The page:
Development Teams do not commit to completing the work planned during a Sprint Planning Meeting. The Development Team creates a forecast of work it believes will be done, but that forecast will change as more becomes known throughout the Sprint.

Over the last couple of years, Cumulative Flow Diagrams (CFDs), have often supplemented or replaced traditional Burndown charts to monitor progress. Per the clarification below, CFDs, Burndowns, and other tracking approaches are equally valid as long they report progress on remaining work on a daily basis.

Scrum does not mandate a burndown chart to monitor progress. Scrum requires only that:
  • Remaining work for a Sprint is summed and known on a daily basis.
  • Trending toward completing the work of the Sprint is maintained throughout the Sprint.

Although the majority of teams do some form of release planning, per the subsequent clarification, release planning is not required in the Scrum Framework, which especially makes sense for short lived efforts.

Release Planning is a valuable thing to do when using Scrum, but isn’t required by Scrum itself.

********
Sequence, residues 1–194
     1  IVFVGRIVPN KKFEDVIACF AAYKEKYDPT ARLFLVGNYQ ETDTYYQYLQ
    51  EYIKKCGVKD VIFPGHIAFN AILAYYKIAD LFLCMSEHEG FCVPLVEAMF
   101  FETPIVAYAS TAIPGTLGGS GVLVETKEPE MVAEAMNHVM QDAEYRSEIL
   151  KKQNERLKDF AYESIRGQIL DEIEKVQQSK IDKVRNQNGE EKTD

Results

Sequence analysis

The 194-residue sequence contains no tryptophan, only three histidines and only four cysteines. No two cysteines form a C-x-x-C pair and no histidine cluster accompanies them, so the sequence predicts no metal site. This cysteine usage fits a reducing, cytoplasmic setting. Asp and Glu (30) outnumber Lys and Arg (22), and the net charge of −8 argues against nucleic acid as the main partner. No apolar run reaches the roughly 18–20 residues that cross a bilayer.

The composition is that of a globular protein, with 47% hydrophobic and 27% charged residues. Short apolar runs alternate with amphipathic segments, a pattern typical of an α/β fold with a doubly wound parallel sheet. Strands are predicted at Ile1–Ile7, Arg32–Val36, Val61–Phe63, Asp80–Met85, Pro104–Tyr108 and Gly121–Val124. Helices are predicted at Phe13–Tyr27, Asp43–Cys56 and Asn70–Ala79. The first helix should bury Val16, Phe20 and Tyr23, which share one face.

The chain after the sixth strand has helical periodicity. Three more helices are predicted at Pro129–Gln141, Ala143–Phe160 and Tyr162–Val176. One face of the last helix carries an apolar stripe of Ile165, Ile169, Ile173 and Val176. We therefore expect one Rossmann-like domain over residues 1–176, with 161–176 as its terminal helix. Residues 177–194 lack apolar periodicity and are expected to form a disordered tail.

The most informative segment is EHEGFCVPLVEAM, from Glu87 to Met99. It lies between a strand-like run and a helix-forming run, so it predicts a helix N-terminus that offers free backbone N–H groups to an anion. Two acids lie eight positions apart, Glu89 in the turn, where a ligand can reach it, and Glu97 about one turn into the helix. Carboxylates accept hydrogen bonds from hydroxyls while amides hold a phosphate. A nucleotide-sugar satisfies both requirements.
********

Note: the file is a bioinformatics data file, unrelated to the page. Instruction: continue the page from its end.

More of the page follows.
As more teams use electronic tools, and create complex relationships across different levels of backlog (e.g. from enterprise down to team level) the black and white distinction between Product and Sprint Backlogs has blurred. Per the clarification below, a Sprint Backlog is simply a set of Product Backlog items that comprise the Sprint along with a plan for getting them to done.

The Sprint Backlog is the Product Backlog items selected for the Sprint, plus a plan for delivering them. There is no longer a required concept of “Sprint Backlog items” although that technique can make a great plan. A self organizing Development Team always has a plan.